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Posted Aug 19th, 2015 (5:42 pm) by Sean O'Leary
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A new lawsuit against Action Bronson for stealing samples may lead to better ethics in music.

Bronson is currently facing a lawsuit by El Gran Combo de Puerto Rico, a Puerto Rican salsa music orchestra, for his unauthorized use of two of their songs on "Mofongo" and "Tapas." The suit calls for Bronson to immediately cease distribution of the tracks and pay royalties on any sales made through streaming platforms such as Spotify and Google Play.

According to TMZ, the rapper has previously stated his fondness of the group, mentioning in interviews that he loves to listen to them while he cooks. Apparently, this carries over to sampling their music as well.

This is hardly the first time an artist, major or minor, has run into issues with "borrowing" other musicians' work. The Blurred Lines legal battle made headlines earlier this year when Robin Thicke was ordered to pay $7.3 million in damages to Marvin Gaye's estate. Prior to that, the similarities between "Stay With Me" by Sam Smith and "I Won't Back Down" by Tom Petty resulted in the latter artist receiving a 12.5% royalty.

While legal battles between major artists over proper attribution tend to receive significant news attention, such is not the case for lesser known acts, who lack the money and legal firepower to win or force a settlement. The guitar player of Spirit has unsuccessfully tried to sue Led Zeppelin for similarities between "Stairway To Heaven" and one of their own songs for years. Dr. Dre, Jay-Z, and Rick Ross surreptitiously sampled a track from the little-known Crown of Glory three years ago, and the resulting lawsuit is still pending.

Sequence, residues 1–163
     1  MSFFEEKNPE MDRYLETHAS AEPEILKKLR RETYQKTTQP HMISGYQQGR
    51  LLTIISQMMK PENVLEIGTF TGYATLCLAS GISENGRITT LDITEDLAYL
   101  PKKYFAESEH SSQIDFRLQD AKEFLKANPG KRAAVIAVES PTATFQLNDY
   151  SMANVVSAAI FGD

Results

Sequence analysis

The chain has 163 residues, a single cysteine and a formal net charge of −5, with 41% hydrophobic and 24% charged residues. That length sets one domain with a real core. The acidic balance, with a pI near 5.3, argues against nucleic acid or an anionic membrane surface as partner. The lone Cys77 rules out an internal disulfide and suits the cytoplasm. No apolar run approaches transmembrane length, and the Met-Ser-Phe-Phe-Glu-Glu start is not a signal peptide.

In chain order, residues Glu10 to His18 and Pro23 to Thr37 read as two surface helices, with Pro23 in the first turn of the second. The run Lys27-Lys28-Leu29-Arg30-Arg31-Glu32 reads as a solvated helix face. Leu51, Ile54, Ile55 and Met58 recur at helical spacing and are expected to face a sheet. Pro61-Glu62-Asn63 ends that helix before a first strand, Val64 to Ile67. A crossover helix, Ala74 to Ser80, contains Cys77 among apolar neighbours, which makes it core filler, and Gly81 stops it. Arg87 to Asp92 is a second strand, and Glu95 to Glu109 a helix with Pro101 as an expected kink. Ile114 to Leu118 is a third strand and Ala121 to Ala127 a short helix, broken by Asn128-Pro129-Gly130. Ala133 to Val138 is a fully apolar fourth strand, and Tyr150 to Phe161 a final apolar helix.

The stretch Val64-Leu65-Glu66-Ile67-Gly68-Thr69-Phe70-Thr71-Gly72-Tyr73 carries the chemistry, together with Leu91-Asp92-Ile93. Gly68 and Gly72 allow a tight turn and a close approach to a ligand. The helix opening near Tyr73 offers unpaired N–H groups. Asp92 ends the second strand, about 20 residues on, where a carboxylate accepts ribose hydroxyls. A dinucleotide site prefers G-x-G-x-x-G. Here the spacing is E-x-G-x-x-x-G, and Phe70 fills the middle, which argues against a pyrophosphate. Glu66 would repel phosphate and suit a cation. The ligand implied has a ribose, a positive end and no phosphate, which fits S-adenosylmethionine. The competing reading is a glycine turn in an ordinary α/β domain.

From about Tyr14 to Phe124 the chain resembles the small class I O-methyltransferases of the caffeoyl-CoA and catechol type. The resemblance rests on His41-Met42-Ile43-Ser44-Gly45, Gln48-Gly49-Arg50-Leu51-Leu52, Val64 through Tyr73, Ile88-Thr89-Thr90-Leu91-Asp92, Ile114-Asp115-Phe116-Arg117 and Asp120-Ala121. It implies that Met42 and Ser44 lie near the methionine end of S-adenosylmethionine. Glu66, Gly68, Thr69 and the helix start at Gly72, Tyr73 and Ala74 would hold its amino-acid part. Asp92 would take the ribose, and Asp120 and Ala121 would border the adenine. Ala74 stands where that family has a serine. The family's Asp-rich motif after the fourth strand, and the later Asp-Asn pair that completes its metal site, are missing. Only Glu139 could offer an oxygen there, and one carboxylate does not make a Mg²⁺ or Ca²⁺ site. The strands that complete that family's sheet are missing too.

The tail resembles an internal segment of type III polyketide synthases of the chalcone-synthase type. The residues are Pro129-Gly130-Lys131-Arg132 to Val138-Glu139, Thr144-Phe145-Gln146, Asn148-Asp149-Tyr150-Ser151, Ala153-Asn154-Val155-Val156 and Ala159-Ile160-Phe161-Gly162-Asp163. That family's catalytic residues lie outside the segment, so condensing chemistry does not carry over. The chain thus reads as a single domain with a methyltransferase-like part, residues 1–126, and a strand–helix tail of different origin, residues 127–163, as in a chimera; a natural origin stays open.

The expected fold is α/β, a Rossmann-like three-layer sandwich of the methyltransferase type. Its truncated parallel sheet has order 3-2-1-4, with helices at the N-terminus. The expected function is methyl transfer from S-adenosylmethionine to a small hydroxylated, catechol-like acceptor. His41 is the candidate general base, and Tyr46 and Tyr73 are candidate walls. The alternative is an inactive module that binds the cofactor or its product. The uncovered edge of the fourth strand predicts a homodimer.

As a result, when major artists use smaller act's music without attribution, there's a perception that a smaller act will never be able to wring a settlement out of a larger group. By taking legal action against Bronson, El Gran Combo challenges artists such as Bronson to behave ethically when sampling others' work and give credit where credit is due.

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